Korean Home Remedies for Common Cold Posted by Flying Oyster on Dec 16, 2020 in Culture, Vocabulary
Winter is already here, and we all know that we should take extra care for our health this year. Today, I am going to share strategies on how Koreans prevent common cold.
- Layer up
Korea has four different seasons and winter can be harsh. 환절기 (hwan-jeol-gi: in-between season), especially from fall to winter is a time when you want to layer up. When I was growing up in Korea, I remember my mom made me wear pink 내복 (nae-bok: long Johns) every winter time. I even think it was common that girls wore pink color 내복 and boys wear blue color 내복. Although I see that many Koreans don’t wear 내복 anymore. I assume that the use of 내복 has decreased since 실내온도 (sil-nae-on-doh: the indoor temperature) in most places is often very pleasing.
2. Choose your tea for your cold symptoms.
You will be surprised how many kinds of tea exist in Korea. Even more surprisingly, each tea can treat different cold symptoms. Let me introduce several of them.
생강차 (sang-gang-cha: ginger tea) is a worldwide popular tea for colds. Do you know why it is good for cold? Ginger is supposed to warm the body and boost immune system. If you have chills, headache and a stuffy nose, ginger is your tea.
유자차 (yoo-ja-cha: Yuzu tea) is good for preventing colds. If you are fatigued, I recommend you drink this tea. It contains a full dose of vitamin C and B that you may need to fight off a cold. I remember I used to drink 유자차 only because it was also sweet.
쌍화차 (ssang-hwa-cha) is a traditional Korean medicinal herb tea. 쌍화 means the harmony of yin and yang. It usually contains several 한약재 (han-yak-jae: medicinal herbs) that help you fight a cold.
모과차 (mo-gwah-cha: quince tea) is an excellent choice if you want to stop coughing. This tea also helps to relax muscles.
오미자차 (oh-mi-ja-cha: magnolia berry tea) can offer you five different flavors. 오미 means five different flavors: sweetness, sourness, bitterness, saltiness, and pungency. This tea helps to restore energy. It can also serve as 거담제 (guh-dam-jae: an expectorant).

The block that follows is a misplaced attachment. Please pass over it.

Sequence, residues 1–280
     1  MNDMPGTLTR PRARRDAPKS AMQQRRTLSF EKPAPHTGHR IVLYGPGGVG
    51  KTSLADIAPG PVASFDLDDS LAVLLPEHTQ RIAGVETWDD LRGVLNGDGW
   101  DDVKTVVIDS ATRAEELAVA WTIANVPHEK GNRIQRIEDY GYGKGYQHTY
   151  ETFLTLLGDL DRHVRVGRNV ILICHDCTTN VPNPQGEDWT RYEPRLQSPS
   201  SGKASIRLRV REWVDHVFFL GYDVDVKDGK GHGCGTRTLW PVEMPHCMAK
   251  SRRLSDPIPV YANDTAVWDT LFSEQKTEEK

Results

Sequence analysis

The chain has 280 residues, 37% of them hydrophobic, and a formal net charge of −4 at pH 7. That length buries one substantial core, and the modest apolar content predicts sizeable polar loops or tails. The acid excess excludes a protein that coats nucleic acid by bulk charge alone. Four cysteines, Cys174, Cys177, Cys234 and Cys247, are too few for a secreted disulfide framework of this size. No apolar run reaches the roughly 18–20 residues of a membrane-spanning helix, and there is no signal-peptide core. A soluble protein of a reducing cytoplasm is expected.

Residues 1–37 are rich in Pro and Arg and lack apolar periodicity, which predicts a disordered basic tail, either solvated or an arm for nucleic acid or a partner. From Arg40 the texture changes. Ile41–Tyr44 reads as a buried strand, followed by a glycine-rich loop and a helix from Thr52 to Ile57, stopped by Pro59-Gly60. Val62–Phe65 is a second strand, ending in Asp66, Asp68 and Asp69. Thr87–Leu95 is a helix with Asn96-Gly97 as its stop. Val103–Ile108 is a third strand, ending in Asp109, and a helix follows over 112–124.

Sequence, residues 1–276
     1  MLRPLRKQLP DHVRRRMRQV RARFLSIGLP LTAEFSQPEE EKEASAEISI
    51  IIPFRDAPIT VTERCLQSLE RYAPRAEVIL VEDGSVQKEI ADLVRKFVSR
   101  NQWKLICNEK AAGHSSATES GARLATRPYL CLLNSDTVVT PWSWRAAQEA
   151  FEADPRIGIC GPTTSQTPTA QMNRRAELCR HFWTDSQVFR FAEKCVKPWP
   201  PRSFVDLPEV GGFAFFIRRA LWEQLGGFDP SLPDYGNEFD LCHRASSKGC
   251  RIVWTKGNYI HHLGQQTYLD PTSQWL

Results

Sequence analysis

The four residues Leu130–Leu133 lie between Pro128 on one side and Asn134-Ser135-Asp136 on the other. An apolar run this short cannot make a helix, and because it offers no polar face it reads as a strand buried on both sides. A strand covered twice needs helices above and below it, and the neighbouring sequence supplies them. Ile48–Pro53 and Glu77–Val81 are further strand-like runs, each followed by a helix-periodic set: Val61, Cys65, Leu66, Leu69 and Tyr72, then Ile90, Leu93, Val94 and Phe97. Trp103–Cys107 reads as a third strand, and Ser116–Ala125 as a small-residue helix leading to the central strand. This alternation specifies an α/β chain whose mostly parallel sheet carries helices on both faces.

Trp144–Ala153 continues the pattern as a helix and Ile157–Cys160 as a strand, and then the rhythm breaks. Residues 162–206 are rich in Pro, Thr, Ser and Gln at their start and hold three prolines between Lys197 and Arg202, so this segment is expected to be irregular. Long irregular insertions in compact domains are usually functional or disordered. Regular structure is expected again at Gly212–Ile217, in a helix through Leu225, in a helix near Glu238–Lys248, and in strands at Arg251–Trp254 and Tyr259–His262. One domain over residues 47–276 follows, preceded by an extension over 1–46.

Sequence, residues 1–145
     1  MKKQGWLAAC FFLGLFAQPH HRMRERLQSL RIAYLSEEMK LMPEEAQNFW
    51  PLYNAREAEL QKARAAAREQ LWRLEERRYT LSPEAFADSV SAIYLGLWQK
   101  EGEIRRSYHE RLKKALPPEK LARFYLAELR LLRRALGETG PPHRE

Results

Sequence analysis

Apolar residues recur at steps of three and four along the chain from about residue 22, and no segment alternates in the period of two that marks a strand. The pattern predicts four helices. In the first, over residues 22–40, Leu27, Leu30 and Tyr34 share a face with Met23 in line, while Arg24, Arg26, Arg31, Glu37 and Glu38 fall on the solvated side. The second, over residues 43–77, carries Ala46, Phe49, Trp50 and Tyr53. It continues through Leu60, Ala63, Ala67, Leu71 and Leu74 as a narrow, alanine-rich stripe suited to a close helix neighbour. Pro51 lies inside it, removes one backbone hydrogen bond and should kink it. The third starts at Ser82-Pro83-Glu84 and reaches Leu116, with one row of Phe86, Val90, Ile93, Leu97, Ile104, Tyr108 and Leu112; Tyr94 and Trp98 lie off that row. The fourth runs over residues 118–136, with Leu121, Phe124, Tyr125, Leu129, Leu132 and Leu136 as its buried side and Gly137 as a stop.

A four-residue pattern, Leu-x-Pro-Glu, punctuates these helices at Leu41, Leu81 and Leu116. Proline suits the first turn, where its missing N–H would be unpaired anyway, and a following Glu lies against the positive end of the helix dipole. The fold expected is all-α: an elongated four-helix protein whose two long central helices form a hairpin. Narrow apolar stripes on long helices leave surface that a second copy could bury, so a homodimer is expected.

3. Koreans eat a lot of tangerines.
Most Koreans love 귤 (guel: tangerines). If you live in Korea, you will notice one of the most outstanding 제철과일 (jea-chul-gwah-il: seasonal fruit) in winter is tangerine. You will see orange tangerines everywhere. You will see piles of orange tangerines at markets and even your coworkers around you would eat them as a daily snack.
4. Steamed pear with honey is a good home remedy for cold.
배숙 (bae-sook: steamed pear with honey) is great for 기관지염 (gi-gwan-ji-yeum: bronchitis) and 호흡기 질환 (ho-heup-gi-jil-hwan: respiratory disease). Most of all, 배숙 is a natural 거담제 (guh-dam-jae: an expectorant). You wonder how this tastes? I won’t ever have a problem eating 배숙 without having a cold. It’s amazing!
5. Food can be your medicine.
동의보감 (Dong-uibogam: Principles and Practice of Eastern Medicine) is a Korean book written by Heo Jun in 1613. This book has been considered the bible of traditional medicine in Korea. Therefore, using common food items for preventing cold is a familiar approach for Koreans. Here are a couple of examples that help you understand this philosophy better.
도라지 (do-rah-ji: balloon flower root) is supposed to help in eliminating phlegm.
대추 (dae-chu: dates) is good to ease a dry cough.
무 (moo:daikon) helps to relieve throat pain.
What are you doing to maintain your health in this winter? Let me know if you have your own home remedy to prevent colds.
Build vocabulary, practice pronunciation, and more with Transparent Language Online. Available anytime, anywhere, on any device.